Two important changes have occurred over the last decade in the definition of locally advanced breast cancer. First, T3N0 lesions have now been categorized as Stage IIB disease, reflecting their more favorable prognosis compared with other Stage III breast cancers. Second, the N3 category no onger includes positive supraclavicular lymph nodes. This finding is now considered indicative of Stage IV disease.
Numerous older series, however, have included patients with positive supraclavicular lymph nodes, as they were previously categorized as N3, Stage IIIB disease. Therefore, the reporting and analysis of the results of patients who have locally advanced breast cancer is complicated by the fact that many series include patients with a wide variety of presentations.
Locally advanced breast cancer may be considered as three groups of conditions. Patients with 1) operable noninflammatory (T3N1) breast cancer; 2) those with inoperable noninflammatory (T4a,b,c, any N2, any N3) breast cancer; and 3) those with inflammatory breast cancer (any T4d).
All patients with locally advanced breast cancer have a high local tumor burden and a high likelihood of systemic metastases. Therefore, aggressive systemic chemotherapy plays a central role in their management. Both ocal-regional radiation therapy and mastectomy, when possible, are useful n securing local control. Most patients with Stage III breast cancer will receive chemotherapy as their first therapeutic maneuver.
This permits the earliest treatment of micrometastatic disease, assessment of response to therapy and, in many cases, conversion of inoperable or nearly inoperable disease to operable disease. For operable noninflammatory (T3N1) lesions, surgery as the primary therapeutic modality is perfectly reasonable. In this situation, mastectomy is customary. Comprehensive chest-wall radiation is indicated or all patients with this stage breast cancer. Investigators have looked at utilizing neoadjuvant chemotherapy to assess response and to permit breast conservation.
In this situation, postoperative radiation therapy to 60 Gy to the entire breast has been utilized.
For inoperable noninflammatory lesions, neoadjuvant chemotherapy is considered the standard of care. In patients who have attained a suitable response to therapy, mastectomy is then added. There is no established role or breast-conservation therapy in this group. Completion of adjuvant chemotherapy followed by chest-wall radiation is standard practice. Alternatively, patients who are not candidates for chemotherapy may do well with hormonal management and may achieve a dramatic result. Radiation therapy alone as the local management for this entity has been reported, and reasonable local control may be anticipated.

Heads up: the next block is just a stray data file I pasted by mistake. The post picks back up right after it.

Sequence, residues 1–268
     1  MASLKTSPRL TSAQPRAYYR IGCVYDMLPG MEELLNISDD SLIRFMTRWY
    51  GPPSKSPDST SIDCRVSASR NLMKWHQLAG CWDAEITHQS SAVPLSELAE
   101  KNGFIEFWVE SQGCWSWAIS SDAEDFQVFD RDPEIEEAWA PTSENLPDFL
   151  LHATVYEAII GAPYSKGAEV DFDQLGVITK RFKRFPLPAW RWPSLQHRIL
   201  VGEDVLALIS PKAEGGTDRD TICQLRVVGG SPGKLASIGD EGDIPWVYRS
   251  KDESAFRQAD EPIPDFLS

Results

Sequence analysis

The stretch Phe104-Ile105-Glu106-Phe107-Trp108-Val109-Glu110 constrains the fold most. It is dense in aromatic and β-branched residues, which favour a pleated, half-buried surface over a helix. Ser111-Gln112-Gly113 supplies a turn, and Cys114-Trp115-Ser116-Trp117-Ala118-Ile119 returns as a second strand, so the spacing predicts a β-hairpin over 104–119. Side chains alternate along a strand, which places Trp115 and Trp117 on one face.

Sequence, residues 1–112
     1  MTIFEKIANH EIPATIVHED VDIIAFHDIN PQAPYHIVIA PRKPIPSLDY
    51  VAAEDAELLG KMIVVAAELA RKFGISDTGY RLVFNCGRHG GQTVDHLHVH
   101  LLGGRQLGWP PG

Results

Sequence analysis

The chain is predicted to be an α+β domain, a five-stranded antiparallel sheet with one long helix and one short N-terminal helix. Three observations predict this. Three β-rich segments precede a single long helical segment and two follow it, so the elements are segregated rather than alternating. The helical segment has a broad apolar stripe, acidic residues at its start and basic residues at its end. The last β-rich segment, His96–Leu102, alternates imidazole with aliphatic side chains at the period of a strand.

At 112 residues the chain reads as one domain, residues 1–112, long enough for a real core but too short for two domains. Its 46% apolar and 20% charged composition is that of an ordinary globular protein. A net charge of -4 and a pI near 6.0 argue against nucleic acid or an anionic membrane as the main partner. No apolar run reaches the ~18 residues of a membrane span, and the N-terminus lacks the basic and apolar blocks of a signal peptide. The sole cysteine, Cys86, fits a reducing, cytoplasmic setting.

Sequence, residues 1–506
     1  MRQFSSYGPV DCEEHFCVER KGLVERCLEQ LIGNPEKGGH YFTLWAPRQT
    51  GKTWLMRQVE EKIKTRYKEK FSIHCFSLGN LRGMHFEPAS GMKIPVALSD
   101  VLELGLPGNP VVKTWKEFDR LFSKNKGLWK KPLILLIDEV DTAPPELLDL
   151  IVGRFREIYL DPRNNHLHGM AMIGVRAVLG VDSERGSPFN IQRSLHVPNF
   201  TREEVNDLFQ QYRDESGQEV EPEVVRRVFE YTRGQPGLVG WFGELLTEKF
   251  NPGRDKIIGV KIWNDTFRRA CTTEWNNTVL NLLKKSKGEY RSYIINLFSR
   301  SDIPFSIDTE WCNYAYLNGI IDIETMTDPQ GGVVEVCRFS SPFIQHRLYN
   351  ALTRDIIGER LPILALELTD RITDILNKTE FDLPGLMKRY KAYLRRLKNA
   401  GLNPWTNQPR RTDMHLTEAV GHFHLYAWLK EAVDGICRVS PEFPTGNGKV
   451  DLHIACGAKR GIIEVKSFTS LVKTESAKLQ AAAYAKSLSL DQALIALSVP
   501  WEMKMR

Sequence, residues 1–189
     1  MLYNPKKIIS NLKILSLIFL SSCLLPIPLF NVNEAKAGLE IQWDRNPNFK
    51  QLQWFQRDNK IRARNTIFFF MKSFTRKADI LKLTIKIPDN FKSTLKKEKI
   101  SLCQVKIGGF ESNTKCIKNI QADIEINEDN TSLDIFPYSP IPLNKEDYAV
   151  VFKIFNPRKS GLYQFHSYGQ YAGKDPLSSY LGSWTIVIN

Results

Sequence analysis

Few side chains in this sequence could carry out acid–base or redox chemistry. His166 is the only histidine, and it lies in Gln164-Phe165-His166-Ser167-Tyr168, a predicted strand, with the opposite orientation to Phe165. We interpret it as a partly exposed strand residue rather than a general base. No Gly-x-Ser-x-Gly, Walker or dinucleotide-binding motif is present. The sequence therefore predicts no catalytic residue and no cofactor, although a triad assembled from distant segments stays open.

With such a high tumor burden, however, significantly higher doses of radiation are indicated. Doses up to 80Gy have been used in this setting with good results in terms of local control. Naturally, cosmesis in this situation would be anticipated to be very poor, with dense fibrosis, atrophic skin changes and contraction of the breast tissue being common.
For patients with N2 disease, radiation alone is undesirable. Unfortunately, the tolerance of the brachial plexus will not permit adequate treatment of significant volumes of gross disease in the regions of the axilla or supraclavicular fossa. Therefore, the use of systemic agents as the initial management of this group of patients is highly desirable. If a good response is obtained, a mastectomy is performed and followed by comprehensive chest-wall radiation.
In the case of inflammatory breast cancer, neoadjuvant chemotherapy is considered the standard of care. Among patients who have an excellent response, which is quite common, mastectomy is added. Chemotherapy is then completed and comprehensive chest-wall radiation is added. This previously dire condition is now associated with approximately a 50% survival among patients who respond well to neoadjuvant chemotherapy.
Karen D. Schupak
American College of Physicians